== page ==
Member update: attending the 2023 PCST Venice Symposium

A/Prof Jen Martin, ASC national Vice President

At the end of September I had the great pleasure of attending the PCST Venice Symposium Science communication education and training: Challenges and strategies for research and academic institutions. Venice is a long way to go for a three-day symposium but having never come across an event before focused exactly on what my team does (teaching communication skills to scientists in an academic institution), my strong suspicion was that it would be worth making the effort to attend. And that definitely turned out to be the case. It was an absolute joy to spend three days with roughly 100 people from around the world who are deeply passionate about science communication education and training.

Many of the 100 symposium attendees in the beautiful courtyard at Venice International University on the island of San Servolo.

The symposium
took place at Venice International University which is located on San Servolo
island, about 10 minutes by boat (vaparetto) from Saint Mark’s Square in Venice.
The island is tiny and very beautiful and used to be an asylum. These days it
has a restaurant, café, lots of accommodation for students and other university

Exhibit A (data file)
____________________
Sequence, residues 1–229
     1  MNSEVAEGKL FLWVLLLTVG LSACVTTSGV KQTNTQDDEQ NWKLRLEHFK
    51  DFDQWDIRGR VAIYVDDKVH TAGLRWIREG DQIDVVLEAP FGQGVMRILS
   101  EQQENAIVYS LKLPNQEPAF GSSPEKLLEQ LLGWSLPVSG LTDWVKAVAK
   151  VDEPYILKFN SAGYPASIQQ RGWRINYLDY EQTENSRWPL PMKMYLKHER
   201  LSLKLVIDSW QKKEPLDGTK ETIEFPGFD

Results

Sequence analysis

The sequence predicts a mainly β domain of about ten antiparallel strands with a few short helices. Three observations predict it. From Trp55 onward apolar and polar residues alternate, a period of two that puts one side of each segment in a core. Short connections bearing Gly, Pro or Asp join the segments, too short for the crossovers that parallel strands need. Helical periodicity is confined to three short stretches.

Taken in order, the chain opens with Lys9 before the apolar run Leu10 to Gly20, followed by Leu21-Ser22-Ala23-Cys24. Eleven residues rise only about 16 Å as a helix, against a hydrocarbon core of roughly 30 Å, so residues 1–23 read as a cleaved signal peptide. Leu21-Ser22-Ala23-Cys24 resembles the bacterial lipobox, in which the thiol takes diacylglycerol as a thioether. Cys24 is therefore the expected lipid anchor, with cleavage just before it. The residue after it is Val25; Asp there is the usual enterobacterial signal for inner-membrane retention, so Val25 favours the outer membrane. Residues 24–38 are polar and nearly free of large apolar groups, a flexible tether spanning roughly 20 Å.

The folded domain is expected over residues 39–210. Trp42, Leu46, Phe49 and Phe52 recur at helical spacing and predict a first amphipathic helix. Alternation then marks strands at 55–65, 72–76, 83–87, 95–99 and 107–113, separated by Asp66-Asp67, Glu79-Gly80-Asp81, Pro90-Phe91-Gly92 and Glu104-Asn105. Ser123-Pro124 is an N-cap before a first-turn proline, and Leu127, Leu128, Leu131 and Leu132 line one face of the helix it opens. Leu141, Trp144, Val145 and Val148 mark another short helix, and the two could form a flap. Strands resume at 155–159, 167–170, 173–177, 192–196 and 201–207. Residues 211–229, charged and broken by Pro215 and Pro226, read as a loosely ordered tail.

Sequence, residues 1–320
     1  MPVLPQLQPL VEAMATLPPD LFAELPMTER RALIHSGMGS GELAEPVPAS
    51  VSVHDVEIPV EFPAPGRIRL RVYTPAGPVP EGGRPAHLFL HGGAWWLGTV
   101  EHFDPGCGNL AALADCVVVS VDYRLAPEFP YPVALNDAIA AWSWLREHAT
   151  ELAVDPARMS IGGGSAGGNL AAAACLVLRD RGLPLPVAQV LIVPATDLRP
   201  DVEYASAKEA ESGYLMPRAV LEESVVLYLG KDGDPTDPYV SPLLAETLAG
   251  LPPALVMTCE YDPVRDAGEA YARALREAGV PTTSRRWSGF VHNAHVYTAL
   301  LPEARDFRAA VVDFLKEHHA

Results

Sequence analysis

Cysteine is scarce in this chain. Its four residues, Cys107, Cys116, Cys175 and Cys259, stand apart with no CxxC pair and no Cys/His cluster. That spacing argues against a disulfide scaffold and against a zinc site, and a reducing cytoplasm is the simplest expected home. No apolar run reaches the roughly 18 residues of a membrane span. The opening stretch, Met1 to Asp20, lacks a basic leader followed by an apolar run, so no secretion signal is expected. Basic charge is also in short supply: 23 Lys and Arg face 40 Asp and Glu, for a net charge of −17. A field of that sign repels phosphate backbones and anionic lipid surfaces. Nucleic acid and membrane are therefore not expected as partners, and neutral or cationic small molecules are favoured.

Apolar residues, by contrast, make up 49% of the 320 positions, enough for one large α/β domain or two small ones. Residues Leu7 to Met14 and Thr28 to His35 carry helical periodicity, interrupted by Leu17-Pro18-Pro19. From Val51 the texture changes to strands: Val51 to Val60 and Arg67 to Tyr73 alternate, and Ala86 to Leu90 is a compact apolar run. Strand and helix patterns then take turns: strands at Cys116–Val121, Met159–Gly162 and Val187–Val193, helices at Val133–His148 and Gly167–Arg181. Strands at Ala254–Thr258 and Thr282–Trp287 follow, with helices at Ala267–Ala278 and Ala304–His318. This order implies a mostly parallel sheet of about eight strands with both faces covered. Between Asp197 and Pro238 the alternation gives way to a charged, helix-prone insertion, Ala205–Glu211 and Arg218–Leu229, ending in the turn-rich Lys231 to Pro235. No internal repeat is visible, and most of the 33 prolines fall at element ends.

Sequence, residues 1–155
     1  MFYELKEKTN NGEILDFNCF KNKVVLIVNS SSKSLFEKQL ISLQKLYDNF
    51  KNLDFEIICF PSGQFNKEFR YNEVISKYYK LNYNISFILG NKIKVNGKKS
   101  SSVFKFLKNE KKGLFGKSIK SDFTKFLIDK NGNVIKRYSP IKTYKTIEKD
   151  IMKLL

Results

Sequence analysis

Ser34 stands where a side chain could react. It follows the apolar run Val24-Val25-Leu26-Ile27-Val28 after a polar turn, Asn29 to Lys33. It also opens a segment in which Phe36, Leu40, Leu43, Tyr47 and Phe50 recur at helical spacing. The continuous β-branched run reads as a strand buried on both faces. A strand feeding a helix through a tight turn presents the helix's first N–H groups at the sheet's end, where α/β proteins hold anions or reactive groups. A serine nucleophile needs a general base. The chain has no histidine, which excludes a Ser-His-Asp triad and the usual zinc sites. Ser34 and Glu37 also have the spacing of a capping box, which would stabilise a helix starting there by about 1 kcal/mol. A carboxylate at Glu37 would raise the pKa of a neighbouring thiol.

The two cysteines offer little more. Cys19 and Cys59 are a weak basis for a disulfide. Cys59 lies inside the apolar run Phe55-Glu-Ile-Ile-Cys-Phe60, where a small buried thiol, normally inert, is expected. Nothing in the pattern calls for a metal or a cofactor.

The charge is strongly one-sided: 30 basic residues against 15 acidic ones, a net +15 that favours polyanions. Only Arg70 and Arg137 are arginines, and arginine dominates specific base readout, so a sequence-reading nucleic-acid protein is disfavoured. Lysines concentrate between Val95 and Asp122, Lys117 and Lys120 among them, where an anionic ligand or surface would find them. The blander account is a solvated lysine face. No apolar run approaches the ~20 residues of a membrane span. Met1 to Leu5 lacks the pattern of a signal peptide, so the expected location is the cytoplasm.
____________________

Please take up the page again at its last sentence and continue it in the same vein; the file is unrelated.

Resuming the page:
visitors and a variety of teaching and meeting spaces. It also has some
beautiful gardens and one of my favourite things was seeing people arrive each
morning on the early vaparetto to walk their dogs in the gardens – presumably
because there’s so little green space in Venice itself.

The first day of the symposium included a number of
keynote presentations and roundtables including discussions about what research
and academic institutions are doing to support researchers’ science
communication and how these institutions can integrate science communication
research and evaluation insights into practice and training. Day one finished
with a visit to the glorious San Zaccaria church in Venice and a fascinating
session on ‘The Art of Conversation and
Conversation in Art’.

On the next day we broke into
four working groups, each focused on a different aspect of the broader topic:

Supporting researchers’ public communication;

Recruiting science communication professionals and developing their

Evaluating and improving the quality of research communication;

Using science communication research results in institutional activities.

Each working group spent part of their time hearing presentations from members of the group and part of the time in discussion with the goal of coming up with key recommendations on their topic. I was thrilled to have the opportunity to share my story of founding the science communication teaching program at the University of Melbourne including what my team does and some of the things we’ve learned along the way about how to establish and grow such a program. We also heard from many other people involved with amazing training programs and it was interesting (and more than a little sad) to discover just how common and widespread an experience it is for science communication education, training and research to be undervalued and insufficiently supported in universities and research institutions around the world.